Misha Hollenbach lives and works in Melbourne, Australia. Using found and created objects he presents the viewer with absurd and alarming “artifacts” in which the eloquent clashes with the primordial. Swiss publishing company Nieves describes his work as “…merging contemporary culture with tribalism. Working across the mediums of collage, screen-printing, painting, sculpture and installation, his work is often driven by carnal desire, and a return to the basics/basis of human existence.” While speaking of his motivations Hollenbach frames his body of work perfectly stating that “Things can always be a bit more insane.”
Swedish design studio Tomorrow Machine experiments with unusual materials to create revolutionary food packaging concepts. Pursuing the modernist principle of form follows function, Tomorrow Machine unites visual appeal with highly innovative and operational technologies to create both aesthetic and pragmatic design.
Their project This Too Shall Pass addresses the increasing issue of environmental pollution and recycling. Using biodegradable materials, studio has created food packaging that shares the symbiotic life span with the food housed inside. Vividly colored and minimalist in shape, these concept containers for oils, dry foods and liquids disintegrate when the contents they store are used.
“Is it reasonable that it takes several years for a milk carton to decompose naturally, when the milk goes sour after a week? “This Too Shall Pass” is a series of food packaging were the packaging has the same short life-span as the foods they contain. The package and its content is working in symbiosis.”
Besides their environmentally friendly attempts, Tomorrow Machine creates interactive product packaging to shape the innovations of tomorrow. Collaborating with Swedish research company Innventia, designers created self-opening and self-expanding packages based on the use of the 100% biodegradable material they developed together. According to Tomorrow Machine, “this is the new generation of sustainable package design, using materials that are both smart and environmentally friendly”. (via Packaging | Uqam)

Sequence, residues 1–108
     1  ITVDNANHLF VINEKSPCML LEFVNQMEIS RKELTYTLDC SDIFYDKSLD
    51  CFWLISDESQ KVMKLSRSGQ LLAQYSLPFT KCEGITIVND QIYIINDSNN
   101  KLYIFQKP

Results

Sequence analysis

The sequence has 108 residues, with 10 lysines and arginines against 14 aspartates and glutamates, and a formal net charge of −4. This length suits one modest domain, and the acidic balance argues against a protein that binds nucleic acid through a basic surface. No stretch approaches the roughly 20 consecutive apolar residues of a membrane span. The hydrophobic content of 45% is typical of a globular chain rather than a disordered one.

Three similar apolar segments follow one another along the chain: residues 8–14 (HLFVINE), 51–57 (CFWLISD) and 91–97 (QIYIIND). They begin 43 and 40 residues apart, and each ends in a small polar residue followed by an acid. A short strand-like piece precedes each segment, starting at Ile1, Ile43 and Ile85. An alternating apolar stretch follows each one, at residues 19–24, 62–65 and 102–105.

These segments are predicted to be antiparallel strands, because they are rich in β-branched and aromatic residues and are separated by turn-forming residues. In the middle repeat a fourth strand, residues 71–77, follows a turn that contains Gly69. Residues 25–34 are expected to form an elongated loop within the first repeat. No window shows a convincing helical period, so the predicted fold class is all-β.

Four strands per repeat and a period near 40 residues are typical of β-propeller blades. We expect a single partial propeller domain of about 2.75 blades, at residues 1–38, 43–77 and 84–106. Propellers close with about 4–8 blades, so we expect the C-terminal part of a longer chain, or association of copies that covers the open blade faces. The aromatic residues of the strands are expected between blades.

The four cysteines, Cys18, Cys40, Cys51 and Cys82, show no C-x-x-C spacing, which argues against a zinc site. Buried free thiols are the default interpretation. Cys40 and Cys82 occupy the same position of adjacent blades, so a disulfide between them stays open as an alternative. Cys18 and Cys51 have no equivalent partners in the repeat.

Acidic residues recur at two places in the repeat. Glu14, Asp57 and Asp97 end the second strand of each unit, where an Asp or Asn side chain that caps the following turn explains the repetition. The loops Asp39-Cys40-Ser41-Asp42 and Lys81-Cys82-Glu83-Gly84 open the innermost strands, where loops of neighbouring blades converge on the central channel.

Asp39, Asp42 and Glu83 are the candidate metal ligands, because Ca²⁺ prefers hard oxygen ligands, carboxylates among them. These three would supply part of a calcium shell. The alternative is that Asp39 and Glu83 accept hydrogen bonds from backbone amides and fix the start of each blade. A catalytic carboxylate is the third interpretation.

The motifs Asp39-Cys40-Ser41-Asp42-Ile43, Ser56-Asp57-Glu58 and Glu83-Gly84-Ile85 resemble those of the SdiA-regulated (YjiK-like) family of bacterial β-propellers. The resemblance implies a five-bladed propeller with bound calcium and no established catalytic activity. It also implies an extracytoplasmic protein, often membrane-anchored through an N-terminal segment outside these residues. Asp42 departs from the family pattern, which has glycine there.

Looking through Brooklyn-based artist Steven Ketchum’s illustrations is like watching half of a television show interrupted by an unfocused screen. The figures in his drawings seem confused….either by themselves or each other.
C E R A S O L I Gallery presents a selection of works by three artists working with collage as their medium, MATT PHILLIPS ‘Out Through The In Door’ in Gallery One, MARIO WAGNER ‘Some Are Here And Some Are Missing’ in Gallery Two, and SETH CURCIO ‘Beyond A Shadow’ in Gallery Three at Cerasoli.
Utilizing a multi-faceted approach to painting, Matt Phillips’ large-scale, oil and collage on canvas artworks reference op-art, pattern painting, mosaics and textiles. Phillips approaches his multilayered, dynamically textured, collage paintings as both object and illusion. Prismatic, lively and rhythmic, accessible cube-grids and diamond quilt-piece patterns are viewed through transparent cracks, sketchy loops and crooked squares. The artist’s intentional interruption of patterned space fractures his already frenetic compositions into kaleidoscopic abstractions. Plays on shape, color and movement result in paintings that are both formal and lyrical, quirky yet familiar. Originally from Roanoke, Virginia, Phillips received his degree in visual art and art history from Hampshire College, where he has taught as a visiting professor.
In Mario Wagner’s collage on canvas works, high contrast images of 1960s cool are layered onto large-scale vintage settings, tinted in lurid colors and populated by men in three piece suits and girls with shiny hair, clustered hands and disembodied eyes. Wagner draws from familiar Modernist techniques such as Dadaist collage and photomontage to create his paper collage and acrylic on canvas works. Created using ‘analog’ processes with scissor, glue and acrylic, Wagner’s surreal scenes of intrigue and glamour exude an underlying false sense of nostalgia for a bygone era of an overindulged society. Wagner, a German-born artist and illustrator, has been shown in numerous international exhibitions and his illustrations and artworks have been commissioned by Esquire, Playboy, Vanity Fair, and The New York Times Magazine.
Seth Curcio implements Xerox and laser copiers, billboard pasting, enamel paints, and screen prints — what he describes as “the accessible materials of mass commerce” — in the construction of his mid-sized collages on paper and wood. At first glance, Curcio’s pictures resemble familiar contemporary landscapes. But, on further inspection, a perplexing multiplicity imbues Curcio’s images with hallucinogenic static. Kaleidoscopic explosions splinter a high-rise building into a shadowy house of cards. At other times, patterns multiply like mushrooms within celestial landscapes that mirror both the surface of the moon and the interior of the Large Hadron Collider. Disquieting and complex, Curcio’s works resemble photo-real environments shredded and then pieced together from memory, an intricate mesh which captures the claustrophobic, endlessly reconstructed nature of our contemporary culture. Curcio worked as director of Redux Contemporary Art Center and is the founder of the art blog Dailyserving.com.